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Along the edges of the map

I spent a day cycling with Sidsel. We started off at 10.30 from her place in the south of the city, in the direction of Roden and Leek, keeping an eye on the weather to see if we might have to turn around early to avoid the thunderstorms that we'd been warned for. In Leek, the clouds were still scattered, so we carried on to Zevenhuizen and then Ureterp, a Frisian town right at the bottom left of my cycling map. When we arrived there it was still mostly sunny and in fact pretty hot, so we stopped for ice cream (lots of ice cream, in my case. Enough to go into a caloric coma. When I start doing some serious speed-oriented cycling I'll observe dietary discipline but when I'm just touring I'll eat ice cream when I damned well please) and plotted our journey back. Distance covered at that point: some 36 kilometers, which is nice enough for a trip we'd planned at short notice with a dramatic change in the weather later in the day in mind.

The good thing about cycling with Sidsel is that she dislikes going back the same way we came. She also dislikes traveling along car roads with heavy traffic. These are two incentives to experiment with unfamiliar, scenic routes, which outweighs my deeply-routed fear of getting lost. So we decided to go north, along the very edge of my map, through a series of Frisian towns: Drachtster Compagnie, Surhuisterveen, then back into the province of Groningen through Grootegast, Sebaldeburen, Eekeburen, Zuidhorn and Briltil - at least that was the plan. Somewhere north of Surhuisterveen, we (meaning I - after all, I was the one with the map) made some errors of judgment meaning we went a bit farther north than we had planned. Not really a problem as it was still sunny and warm, but it did mean we ended up cycling 25 kilometers along a straight canal, on a busy road without real cycling lanes, which isn't a lot of fun. At this point, we were getting a bit tired and saddle-sore, and we were both getting a nice itchy sunburn on, and more worryingly for me, my knee injury sustained while running started giving me some discomfort. We eventually got back on our normal route in Zuidhorn, and came home at 17.30, having covered about a hundred kilometers in only slightly more time than it took Lance Armstrong to cover twice that distance over terrain incorporating 9 nasty mountains, with an army of baying hounds on his tail. But he didn't get to eat ice cream or take in much of the scenery.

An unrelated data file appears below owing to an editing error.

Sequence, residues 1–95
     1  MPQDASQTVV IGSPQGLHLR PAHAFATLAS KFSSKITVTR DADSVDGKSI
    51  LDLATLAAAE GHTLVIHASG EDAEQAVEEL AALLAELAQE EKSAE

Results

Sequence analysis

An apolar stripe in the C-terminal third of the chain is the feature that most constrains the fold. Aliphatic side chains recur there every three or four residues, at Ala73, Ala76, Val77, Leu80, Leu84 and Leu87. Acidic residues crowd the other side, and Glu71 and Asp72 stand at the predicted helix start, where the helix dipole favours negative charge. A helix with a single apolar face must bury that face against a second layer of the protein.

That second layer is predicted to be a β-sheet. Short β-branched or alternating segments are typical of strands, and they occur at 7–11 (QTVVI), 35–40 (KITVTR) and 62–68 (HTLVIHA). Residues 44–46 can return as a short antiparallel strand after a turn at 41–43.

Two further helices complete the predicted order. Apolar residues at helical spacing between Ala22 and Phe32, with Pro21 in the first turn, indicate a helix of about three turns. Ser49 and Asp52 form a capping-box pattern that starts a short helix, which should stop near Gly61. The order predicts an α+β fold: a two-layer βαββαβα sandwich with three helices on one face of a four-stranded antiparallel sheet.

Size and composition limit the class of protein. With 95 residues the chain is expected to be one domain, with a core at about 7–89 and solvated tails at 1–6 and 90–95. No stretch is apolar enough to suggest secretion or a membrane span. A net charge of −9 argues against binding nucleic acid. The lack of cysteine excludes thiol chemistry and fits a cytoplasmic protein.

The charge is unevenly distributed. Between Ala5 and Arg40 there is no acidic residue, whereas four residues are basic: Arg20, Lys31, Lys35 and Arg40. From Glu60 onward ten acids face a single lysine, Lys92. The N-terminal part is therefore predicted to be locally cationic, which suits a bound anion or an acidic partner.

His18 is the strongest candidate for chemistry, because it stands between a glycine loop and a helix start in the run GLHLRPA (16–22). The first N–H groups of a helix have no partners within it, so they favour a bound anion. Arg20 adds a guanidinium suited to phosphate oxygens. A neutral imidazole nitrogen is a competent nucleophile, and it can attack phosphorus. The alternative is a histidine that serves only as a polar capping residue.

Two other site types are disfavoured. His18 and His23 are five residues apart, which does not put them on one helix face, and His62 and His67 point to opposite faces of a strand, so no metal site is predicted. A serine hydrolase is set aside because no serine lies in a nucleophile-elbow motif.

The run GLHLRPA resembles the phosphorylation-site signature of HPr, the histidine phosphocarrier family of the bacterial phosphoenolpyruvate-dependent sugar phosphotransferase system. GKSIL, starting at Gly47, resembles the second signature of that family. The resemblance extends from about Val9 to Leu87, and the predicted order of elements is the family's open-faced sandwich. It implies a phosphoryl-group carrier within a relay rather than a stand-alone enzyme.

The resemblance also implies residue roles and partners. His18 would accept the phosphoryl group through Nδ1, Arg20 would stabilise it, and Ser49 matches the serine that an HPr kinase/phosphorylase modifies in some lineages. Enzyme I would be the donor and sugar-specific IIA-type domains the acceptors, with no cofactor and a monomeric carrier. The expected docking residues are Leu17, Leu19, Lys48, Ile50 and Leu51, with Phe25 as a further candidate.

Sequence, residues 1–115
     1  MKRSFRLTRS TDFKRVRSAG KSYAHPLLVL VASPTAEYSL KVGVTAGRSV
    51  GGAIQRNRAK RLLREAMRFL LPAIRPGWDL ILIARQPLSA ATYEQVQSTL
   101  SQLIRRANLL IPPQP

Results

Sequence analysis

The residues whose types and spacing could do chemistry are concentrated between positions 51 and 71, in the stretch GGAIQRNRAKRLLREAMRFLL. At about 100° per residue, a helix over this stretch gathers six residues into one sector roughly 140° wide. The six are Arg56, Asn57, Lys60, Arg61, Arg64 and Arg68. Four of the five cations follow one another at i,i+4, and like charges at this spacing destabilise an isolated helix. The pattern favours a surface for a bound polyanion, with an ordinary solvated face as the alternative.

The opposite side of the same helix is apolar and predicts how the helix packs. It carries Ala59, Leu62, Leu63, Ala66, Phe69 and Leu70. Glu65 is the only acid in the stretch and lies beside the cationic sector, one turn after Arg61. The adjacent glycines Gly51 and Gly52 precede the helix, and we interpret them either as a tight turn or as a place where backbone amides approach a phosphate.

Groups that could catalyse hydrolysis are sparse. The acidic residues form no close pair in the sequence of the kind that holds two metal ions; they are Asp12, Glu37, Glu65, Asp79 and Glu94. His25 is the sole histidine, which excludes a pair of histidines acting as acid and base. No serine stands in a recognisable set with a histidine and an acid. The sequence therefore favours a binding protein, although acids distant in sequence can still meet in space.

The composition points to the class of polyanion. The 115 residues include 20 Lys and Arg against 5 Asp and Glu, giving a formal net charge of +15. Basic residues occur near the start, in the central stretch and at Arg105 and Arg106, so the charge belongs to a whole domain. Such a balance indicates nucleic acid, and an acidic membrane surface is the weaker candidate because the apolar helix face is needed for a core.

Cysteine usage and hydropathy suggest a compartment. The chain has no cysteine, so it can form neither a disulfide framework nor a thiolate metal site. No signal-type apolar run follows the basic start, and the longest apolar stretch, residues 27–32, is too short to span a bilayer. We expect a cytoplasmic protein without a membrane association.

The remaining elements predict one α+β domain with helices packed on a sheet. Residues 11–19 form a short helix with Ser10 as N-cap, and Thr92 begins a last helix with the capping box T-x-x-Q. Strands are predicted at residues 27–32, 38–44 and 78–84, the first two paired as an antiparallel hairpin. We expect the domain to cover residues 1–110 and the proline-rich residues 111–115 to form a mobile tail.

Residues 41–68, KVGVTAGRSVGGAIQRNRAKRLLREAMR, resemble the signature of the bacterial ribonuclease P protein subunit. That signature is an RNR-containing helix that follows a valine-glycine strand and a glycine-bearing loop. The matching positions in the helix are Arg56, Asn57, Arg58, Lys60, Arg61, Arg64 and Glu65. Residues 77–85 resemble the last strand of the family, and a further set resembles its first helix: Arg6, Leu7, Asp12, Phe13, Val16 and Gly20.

Or birds! Among the usual suspects (crows, oystercatchers, gulls, swallows), we spotted a cormorant (common but hard to spot), storks (rare but easy to spot when they're around. We saw two in a manmade nesting tower -working to get their EU subsidies, as Sidsel said - and one in a field snapping up little froggies) and ostriches. We actually passed an ostrich farm closely enough to get off our bikes and take a good look at them. They're imposing birds, with big, hoof-like feet the better to kick you to death with. Ostriches are curious enough not to kill you the moment they see you, but they do have vicious tempers, and if they don't like the look of you, they'll kick first and ask questions never. These were behind a wire fence though, and too busy plucking themselves anyway. They all looked like they were in serious moult. Or maybe mould.
We got home, safe and dry. Or at least I did. I invited Sidsel to have dinner with me at my place. I cooked up a witches' brew soup from my own diseased imagination, and while we were eating it, the world went dark, some nasty, evil skies became visible out of my window, and the radio warned everyone to expect the worst. She rushed her second bowl of soup and hurried out of my apartment to get home in time, but at that point the wind was already gathering and some rain was already falling. I'm pretty sure she ended up getting a soaking.

So, that was how I spent my saturday on a rare, rare day when I didn't do any work. Now you know where I get the ideas for the funny place names in Rogues of Clwyd-Rhan. In fact, Sidsel again pointed out while we were poring over our map that the entire area, well into northern Germany and Denmark, uses very similar naming styles, all from the same Saxon tradition. Funny sounding names are easy to come by 'round these parts.

Sidsel, incidentally, starts talking in Frisian when she's in Friesland. I always forget that she was in fact rasied trilingually (Dutch, Frisian and Danish).

Comments (2)


when i wasn't even halfway home last evening, i got scared enough of the storms to call a friend of mine - if i could please please come for shelter in his house. i didn't really feel like cycling 5 kilometres in heavy rain and frontal storm, so actually i ended up in some student accomodation with nice people and lots of beer and other stuff. i did get soaked, but not as bad as expected ;) and i haven't caught a cold.

Some people get all the luck, eh?
Me, I sort of collapsed with fatigue.


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